Peter had gotten used to the virals' appearance but still found it unnerving to see one close up. The way the facial features seemed to have been buffed away, smoothed into an almost infantile blandness; the curling expansion of the hands and feet, with their grasping digits and razor-sharp claws; the dense muscularity of the limbs and torso and the long, gimballed neck; the slivered teeth crowding the mouth like spikes of steel. In rubber boots and gloves, wearing a rag around his face, Finn used a long pitchfork to lift the key by its cord and drop it in a metal bucket. They doused the key with alcohol and set it aflame, then left it to dry in the sun; what the flames hadn't killed, the sun's rays would. Then they rolled Zander, his body stiff as wood, onto a plastic tarp, which they folded over him, making a tube. Arlo and Rey hoisted it to the edge of the roof and dropped it to the yard below.

By the time they'd dragged all four past the fence line, the sun was high and hot. Peter, leaning on a length of pipe, watched from the upwind side as Theo poured alcohol over the bodies. He felt useless, but with his ankle the way it was, there wasn't much he could do to help. Alicia was standing watch, holding one of the rifles. Caleb had finally awakened and had come outside to watch with the others. Peter saw that he was wearing a pair of tall leather boots.

"Zander's," Caleb explained. The boy shrugged, a little guiltily. "His extra pair. I didn't think he'd mind."

Theo removed a tin of sulfur matches from his pouch and drew down his mask. In his other hand he held a torch. Huge circles of sweat stained his shirt at the throat and armpits. The shirt was an old one from the Storehouse, the sleeves long gone, the collar frayed to threads; on the breast pocket, embroidered in a curving script, was the name Armando.

"Anybody want to say anything?"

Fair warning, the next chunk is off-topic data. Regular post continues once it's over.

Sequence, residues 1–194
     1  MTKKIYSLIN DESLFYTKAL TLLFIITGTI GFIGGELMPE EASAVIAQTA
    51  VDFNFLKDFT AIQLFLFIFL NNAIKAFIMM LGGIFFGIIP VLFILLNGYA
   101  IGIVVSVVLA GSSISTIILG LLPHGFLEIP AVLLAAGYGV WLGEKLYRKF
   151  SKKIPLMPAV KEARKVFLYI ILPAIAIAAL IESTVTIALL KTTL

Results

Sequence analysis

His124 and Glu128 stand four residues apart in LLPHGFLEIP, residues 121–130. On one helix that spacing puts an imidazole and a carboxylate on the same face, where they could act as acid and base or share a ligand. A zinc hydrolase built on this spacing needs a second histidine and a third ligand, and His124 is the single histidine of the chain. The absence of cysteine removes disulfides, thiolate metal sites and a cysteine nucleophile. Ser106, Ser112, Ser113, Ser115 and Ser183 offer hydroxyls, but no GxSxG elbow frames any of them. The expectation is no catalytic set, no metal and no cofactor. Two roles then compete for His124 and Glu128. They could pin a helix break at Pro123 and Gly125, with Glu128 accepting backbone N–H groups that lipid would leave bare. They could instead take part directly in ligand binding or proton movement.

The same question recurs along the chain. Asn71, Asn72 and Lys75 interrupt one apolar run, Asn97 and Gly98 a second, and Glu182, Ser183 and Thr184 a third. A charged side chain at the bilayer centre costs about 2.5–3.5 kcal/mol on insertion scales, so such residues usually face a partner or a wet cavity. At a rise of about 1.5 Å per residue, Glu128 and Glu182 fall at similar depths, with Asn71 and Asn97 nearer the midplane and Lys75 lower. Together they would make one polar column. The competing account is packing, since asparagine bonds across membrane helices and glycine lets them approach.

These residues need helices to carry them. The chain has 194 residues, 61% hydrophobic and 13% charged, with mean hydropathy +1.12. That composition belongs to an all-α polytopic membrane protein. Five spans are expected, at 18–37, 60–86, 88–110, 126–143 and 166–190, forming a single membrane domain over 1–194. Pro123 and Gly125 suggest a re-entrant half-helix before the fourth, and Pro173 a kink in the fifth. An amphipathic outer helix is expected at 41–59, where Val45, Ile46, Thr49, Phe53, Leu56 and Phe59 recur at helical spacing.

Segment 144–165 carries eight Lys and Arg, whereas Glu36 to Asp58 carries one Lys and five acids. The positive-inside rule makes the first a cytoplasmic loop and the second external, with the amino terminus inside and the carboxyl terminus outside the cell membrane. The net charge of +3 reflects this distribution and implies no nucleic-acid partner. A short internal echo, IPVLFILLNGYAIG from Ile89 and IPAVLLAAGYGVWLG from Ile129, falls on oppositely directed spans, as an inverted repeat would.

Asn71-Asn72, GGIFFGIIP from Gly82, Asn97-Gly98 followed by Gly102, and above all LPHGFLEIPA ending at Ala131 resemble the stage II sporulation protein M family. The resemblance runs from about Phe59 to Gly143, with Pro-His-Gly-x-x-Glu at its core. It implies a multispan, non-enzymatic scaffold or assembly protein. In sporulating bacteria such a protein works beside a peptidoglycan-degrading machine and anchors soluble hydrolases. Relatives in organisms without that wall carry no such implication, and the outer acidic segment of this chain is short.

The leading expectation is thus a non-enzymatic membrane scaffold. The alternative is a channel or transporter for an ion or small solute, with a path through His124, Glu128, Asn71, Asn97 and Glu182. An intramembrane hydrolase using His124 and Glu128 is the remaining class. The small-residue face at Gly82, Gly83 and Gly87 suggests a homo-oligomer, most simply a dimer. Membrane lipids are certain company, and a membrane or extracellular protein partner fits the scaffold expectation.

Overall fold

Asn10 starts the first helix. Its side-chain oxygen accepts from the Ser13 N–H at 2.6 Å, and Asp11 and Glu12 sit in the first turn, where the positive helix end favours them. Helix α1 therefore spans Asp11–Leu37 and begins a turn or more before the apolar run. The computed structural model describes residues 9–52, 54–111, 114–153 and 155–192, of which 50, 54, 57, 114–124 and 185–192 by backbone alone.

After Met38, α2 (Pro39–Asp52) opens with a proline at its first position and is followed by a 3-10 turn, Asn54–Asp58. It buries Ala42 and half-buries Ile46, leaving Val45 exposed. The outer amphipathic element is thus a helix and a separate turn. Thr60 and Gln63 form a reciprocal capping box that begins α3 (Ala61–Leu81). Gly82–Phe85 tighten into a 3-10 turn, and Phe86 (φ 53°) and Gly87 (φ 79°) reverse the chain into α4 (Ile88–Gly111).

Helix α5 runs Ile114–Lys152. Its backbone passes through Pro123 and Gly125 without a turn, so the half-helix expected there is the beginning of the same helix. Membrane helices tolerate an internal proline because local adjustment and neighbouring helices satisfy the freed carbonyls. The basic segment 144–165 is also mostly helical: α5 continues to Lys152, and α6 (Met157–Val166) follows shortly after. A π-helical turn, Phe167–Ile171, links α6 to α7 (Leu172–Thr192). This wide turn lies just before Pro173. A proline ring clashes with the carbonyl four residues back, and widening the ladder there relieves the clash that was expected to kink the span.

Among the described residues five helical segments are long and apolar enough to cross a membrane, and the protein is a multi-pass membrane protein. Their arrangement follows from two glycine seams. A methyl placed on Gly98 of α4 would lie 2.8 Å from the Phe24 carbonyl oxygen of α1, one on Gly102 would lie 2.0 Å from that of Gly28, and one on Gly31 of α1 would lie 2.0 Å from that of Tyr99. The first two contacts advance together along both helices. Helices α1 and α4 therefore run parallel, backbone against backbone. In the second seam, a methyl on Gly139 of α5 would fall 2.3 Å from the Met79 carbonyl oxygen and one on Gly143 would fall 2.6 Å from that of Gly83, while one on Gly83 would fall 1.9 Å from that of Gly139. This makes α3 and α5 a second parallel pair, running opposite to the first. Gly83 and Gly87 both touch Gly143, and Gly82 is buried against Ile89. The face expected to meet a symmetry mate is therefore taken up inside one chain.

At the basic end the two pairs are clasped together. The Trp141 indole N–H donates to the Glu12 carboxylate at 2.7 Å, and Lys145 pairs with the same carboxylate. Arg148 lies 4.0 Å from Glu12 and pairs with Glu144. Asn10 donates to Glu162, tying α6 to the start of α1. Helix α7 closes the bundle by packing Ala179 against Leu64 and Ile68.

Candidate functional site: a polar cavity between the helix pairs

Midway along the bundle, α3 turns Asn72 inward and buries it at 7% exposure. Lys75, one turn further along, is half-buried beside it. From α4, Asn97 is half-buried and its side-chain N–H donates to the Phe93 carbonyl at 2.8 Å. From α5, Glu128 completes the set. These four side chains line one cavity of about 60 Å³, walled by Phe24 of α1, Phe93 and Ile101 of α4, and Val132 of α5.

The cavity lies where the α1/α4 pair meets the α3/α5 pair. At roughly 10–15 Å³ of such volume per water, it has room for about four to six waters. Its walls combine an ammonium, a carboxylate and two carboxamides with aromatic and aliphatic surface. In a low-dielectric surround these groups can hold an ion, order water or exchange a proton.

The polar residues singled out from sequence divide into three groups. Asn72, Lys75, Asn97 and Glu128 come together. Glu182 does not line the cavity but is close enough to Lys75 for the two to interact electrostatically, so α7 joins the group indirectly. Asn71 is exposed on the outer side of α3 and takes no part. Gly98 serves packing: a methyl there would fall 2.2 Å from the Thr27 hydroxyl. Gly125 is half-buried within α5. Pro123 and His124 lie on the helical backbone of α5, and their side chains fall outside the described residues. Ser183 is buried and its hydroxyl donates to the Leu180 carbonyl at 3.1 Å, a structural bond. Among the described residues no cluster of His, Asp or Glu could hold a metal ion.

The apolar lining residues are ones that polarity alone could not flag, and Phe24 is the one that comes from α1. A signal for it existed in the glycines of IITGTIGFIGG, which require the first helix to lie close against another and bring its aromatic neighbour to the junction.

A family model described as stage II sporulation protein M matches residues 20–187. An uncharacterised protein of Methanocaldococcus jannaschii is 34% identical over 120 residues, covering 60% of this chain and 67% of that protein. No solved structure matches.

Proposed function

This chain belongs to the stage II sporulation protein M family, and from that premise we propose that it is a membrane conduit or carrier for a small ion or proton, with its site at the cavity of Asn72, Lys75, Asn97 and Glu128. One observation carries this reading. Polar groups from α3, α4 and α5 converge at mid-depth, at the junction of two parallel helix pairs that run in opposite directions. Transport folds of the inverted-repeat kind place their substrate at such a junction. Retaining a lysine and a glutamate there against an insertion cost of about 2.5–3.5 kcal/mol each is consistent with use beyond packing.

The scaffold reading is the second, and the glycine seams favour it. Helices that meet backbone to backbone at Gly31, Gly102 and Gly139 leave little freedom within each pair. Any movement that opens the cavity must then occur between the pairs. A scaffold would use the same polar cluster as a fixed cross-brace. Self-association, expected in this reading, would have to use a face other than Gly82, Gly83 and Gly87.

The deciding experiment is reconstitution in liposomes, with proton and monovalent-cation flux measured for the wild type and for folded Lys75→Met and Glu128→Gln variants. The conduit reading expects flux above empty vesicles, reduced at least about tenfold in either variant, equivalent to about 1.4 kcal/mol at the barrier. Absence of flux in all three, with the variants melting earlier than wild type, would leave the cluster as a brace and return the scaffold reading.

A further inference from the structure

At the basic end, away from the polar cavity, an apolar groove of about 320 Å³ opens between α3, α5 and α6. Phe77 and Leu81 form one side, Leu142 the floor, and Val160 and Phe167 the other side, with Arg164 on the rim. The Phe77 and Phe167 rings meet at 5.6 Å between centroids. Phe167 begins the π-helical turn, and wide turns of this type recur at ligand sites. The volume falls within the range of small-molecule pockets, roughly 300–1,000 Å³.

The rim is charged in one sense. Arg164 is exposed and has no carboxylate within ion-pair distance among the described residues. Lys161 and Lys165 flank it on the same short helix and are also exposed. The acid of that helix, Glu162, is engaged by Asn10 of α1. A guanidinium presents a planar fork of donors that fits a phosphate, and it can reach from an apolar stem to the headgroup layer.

Peter thought he should, but couldn't find the words. Seeing the body on the roof had done nothing to change the disquieting feeling that, at the end, Zander had made it easy for him-that Zander had still been Zander. But all of the bodies in the pile had been somebody once. Maybe one of them was Armando.

"Okay, I'll do it," Theo said, and cleared his throat. "Zander, you were a good engineer, and a good friend. You never had a bad word for anyone, and we thank you for that. Sleep well." Then he struck the match, held the flame to the torch until it caught, and touched it to the pile.

The skin went quickly, vaporizing like paper, followed by the rest, the bones caving in on themselves to burst into puffing clouds of ash. It was over in a minute. When the last of the flames had died down, they shoveled the remains into the shallow pit Rey and Finn had dug, pushing a layer of earth on top.

They were tamping down the dirt when Caleb spoke. "I just want to say, I think he fought it. He could have killed me out there."

Theo put his shovel aside. "Don't take this the wrong way," he said, "but what worries me is that he didn't."

In the days that followed, Peter thought about the events of that night, replaying them in his mind. Not only what had happened on the roof and Caleb's strange story of the tower, but also his brother's bitter tone when they'd spoken of the guns. Because Alicia was right; the guns meant something. His whole life Peter had thought of the world of the Time Before as something gone. It was as if a blade had fallen onto time itself, cleaving it into halves, that which came before and that which came after. Between these halves there was no bridge; the war had been lost, the Army was no more, the world beyond the Colony was an open grave of a history no one even remembered. Peter, in fact, had never given much thought to what his father had actually been looking for, out there in the dark. He supposed this was because it had seemed so obvious: people, other survivors. But holding one of his father's rifles-and even now, lying in the barracks while his ankle mended and remembering the feel of it-he sensed something more, how the past and all its powers seemed to have flowed into him. So maybe that was what his father had been doing all along, on the Long Rides. He'd been trying to remember the world.